Saturday, September 1
This is the name Bailey has bestowed on me, since I fly in and out of “service to the farm” this summer. She and Dennis graciously invited me to work when I am in town/in the country, so I’ve been bouncing back and forth between the farm and France, the farm and Ouray, the farm and Vermont, and now the farm and Italy. I leave on September 6 to lead a group of wonderful women in Italy for nearly three weeks, so the butterfly of Happy Heart might come back with an accent, but she will return.
And when I leave, though I always find fresh organic produce, I DO miss “my own” Happy Heart Farm, miss checking in with Bailey and Dennis (and getting a hug in the process!). I miss counting and weighing the harvest with Trevor, miss seeing the other volunteers, interns and apprentices coming in from the fields to share a meal in the house. I definitely miss returning late in the afternoon each week to pick up my share when I’m not in town, though my friends LOVE the opportunity to be the substitute member for a week or two.
Last Tuesday, working my shift in the morning, I counted 1115 lemon cucumbers . . . seriously! And hundreds of slicing cucumbers, tomatoes, beets, weighing crates and crates of basil, potatoes, and other colorful veggies. And here’s what I brought home with me!
Saturday, July 21, 2012 – Cavendish, Vermont
Today I went to the Londonderry Farmer’s Market in southeastern Vermont with my friend Anne, who is a weekly visitor. At each booth, Anne introduced me as a friend from Colorado, and I was proud to tell each of the booth/farm/bakery owners that I am a working shareholder at Happy Heart Farm in Fort Collins. Immediately, the booth workers greeted me not as a guest at a Vermont market, but as part of a family of healthy food advocates.
On the way back to my retreat home in Cavendish, about 30 minutes from the Market, I thought back to two weeks ago, the last time I worked at Happy Heart before my trip east. I always do feel part of a family on the Farm, and can see a picture in my mind, a picture of widening layers of family in this business of growing things.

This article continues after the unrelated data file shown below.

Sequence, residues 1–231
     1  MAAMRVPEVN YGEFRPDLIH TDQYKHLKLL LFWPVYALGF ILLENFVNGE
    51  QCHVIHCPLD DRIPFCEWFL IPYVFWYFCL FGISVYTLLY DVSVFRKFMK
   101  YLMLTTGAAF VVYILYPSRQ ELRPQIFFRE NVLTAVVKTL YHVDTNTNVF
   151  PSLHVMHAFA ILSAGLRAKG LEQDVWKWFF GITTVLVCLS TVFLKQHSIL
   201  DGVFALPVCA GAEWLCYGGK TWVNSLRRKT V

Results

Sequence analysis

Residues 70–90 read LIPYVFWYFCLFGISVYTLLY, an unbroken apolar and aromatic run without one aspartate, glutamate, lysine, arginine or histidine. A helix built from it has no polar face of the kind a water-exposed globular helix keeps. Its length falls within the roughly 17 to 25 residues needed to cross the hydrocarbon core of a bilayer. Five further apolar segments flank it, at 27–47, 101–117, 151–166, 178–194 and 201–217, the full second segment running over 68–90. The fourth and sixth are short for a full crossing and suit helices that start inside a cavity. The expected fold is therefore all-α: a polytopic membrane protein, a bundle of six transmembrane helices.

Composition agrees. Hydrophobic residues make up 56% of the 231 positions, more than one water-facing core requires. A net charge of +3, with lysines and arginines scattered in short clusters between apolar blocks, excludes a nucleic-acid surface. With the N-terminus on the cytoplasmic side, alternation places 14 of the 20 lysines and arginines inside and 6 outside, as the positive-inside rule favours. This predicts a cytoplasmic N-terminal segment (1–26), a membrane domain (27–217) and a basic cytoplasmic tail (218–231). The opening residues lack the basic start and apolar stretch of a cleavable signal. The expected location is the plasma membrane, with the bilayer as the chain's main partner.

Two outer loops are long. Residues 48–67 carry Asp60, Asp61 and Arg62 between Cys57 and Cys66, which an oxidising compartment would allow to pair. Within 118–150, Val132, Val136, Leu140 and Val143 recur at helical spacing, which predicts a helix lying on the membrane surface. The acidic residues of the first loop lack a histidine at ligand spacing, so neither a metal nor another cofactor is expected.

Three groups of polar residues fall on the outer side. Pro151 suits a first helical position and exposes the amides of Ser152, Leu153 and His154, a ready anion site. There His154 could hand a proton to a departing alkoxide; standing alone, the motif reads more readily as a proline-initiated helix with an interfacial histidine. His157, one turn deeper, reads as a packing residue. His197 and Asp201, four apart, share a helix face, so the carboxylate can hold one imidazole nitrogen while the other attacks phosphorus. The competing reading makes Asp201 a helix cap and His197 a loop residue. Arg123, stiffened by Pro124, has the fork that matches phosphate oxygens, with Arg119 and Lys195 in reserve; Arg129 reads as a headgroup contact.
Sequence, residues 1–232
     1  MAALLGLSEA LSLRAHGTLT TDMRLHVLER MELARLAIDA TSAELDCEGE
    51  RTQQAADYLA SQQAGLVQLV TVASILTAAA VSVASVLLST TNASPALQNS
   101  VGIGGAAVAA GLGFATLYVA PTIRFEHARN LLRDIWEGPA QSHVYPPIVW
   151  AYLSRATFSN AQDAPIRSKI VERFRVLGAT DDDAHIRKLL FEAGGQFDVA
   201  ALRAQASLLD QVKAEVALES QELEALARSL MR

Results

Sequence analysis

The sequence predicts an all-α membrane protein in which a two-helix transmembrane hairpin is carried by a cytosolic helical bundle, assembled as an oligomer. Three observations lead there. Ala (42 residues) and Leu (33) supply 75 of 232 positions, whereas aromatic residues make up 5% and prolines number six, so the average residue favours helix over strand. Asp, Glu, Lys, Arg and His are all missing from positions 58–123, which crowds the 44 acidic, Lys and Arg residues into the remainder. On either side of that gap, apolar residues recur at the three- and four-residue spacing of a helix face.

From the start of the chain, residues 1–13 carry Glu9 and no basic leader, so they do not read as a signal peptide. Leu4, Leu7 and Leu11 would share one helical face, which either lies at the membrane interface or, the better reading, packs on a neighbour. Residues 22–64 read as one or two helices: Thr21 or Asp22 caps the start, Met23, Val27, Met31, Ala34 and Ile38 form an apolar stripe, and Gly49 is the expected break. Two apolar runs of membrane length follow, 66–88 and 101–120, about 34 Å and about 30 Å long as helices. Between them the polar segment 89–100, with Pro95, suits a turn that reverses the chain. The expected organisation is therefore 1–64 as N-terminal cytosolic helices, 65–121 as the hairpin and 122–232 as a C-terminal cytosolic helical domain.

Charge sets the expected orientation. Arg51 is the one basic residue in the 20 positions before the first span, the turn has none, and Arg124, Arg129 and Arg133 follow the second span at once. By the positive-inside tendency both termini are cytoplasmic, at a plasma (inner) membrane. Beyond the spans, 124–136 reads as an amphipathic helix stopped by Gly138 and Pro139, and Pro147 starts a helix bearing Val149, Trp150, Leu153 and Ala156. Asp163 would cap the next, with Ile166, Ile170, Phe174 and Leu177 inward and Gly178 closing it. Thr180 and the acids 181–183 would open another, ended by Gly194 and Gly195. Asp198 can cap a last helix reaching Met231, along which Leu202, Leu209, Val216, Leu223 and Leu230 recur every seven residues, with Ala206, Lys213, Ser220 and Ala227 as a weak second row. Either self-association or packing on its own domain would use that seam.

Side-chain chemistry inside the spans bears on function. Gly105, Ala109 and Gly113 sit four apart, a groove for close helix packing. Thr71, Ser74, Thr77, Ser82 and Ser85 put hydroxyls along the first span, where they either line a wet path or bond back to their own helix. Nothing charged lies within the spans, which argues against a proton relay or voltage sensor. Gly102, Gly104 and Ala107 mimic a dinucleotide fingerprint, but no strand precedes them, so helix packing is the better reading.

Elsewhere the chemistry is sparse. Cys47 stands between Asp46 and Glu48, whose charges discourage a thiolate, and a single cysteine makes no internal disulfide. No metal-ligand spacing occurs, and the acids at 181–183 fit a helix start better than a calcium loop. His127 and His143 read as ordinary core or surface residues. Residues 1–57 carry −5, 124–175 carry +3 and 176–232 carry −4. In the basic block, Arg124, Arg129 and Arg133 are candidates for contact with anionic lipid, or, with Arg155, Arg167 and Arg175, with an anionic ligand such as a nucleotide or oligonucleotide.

First, Bailey and Dennis . . . our fearless leaders, and owners of the farm property. Then there are the apprentices/interns . . . Justin, Trevor, Jake, and the others (sorry, I can’t remember all of your names!). Spreading out the image are the volunteers and working members. It takes a lot of people to make this work year after year.
The base gets even wider when I add the CSA members who show up every Tuesday with their bags to gather the week’s harvest. These folks bring their children, from infants to teens. They bring their friends, their parents, their grandparents and grandchildren. The little kids play on the swings, climb on and over logs, squealing with delight brought on by the sheer joy of playing in the sunshine on a farm. The adults greet one another, share recipes, joys, sorrows. And they gather their weekly share in bags headed for their homes.
And perhaps the tiniest, mightiest crowd of family contributors to this delicious project are the ladybugs. The Happy Heart farm workers released thousands (yes, thousands, I’m told) of the little red, black-spotted favorites to shore up those who had been munching tirelessly on aphids and other plant-eating insects. When I weigh bins of spinach and basil, I see the beautiful little creatures riding on green leaves, making sure the crops are healthy for all of us.
“Announcing [our] place in the family of things” . . . the last line in Mary Oliver’s poem, “Wild Geese” and an image for all who create and maintain Happy Heart Farm.
I’ll miss my work and play at the farm while I’m in Vermont, but while I’m here, I’ll become a family member of the local farmer’s markets. On August 21, I’ll slide back into my place in the Tuesday morning working shift at my home base farm and hope the ladybugs haven’t forgotten me.
June 12, 2012
Well, let’s try this again. After writing the whole post last week, it disappeared. Don’t you love it?
So . . . I missed a week of my dirt therapy at Happy Heart because of a death in my family, but I walked into the distribution building Tuesday, the 12th, to resume my favorite duties . . . weighing the harvest and preparing everything for the member pick-up on Tuesday afternoons.
As I entered the building, all I could see were the huge tubs that hold all the veggies, and I could see that the big crop this week was spinach! 106 pounds of spinach . . . and then the kale, chard, two rich and delicious smelling basil, piles of garlic scapes, a variety of lettuce heads and more.
Here and there among the leafy greens were our best garden friends, the lady bugs, doing their job, chomping aphids and other garden pests. Lady bugs fill up their bellies (do they have bellies, actually? I have no idea . . . ) so we can enjoy pesticide-free produce all season. Of course they can’t do ALL the work, and sometimes we still have to carefully wash our shares when we get home. But I love seeing these little red bodies around the farm.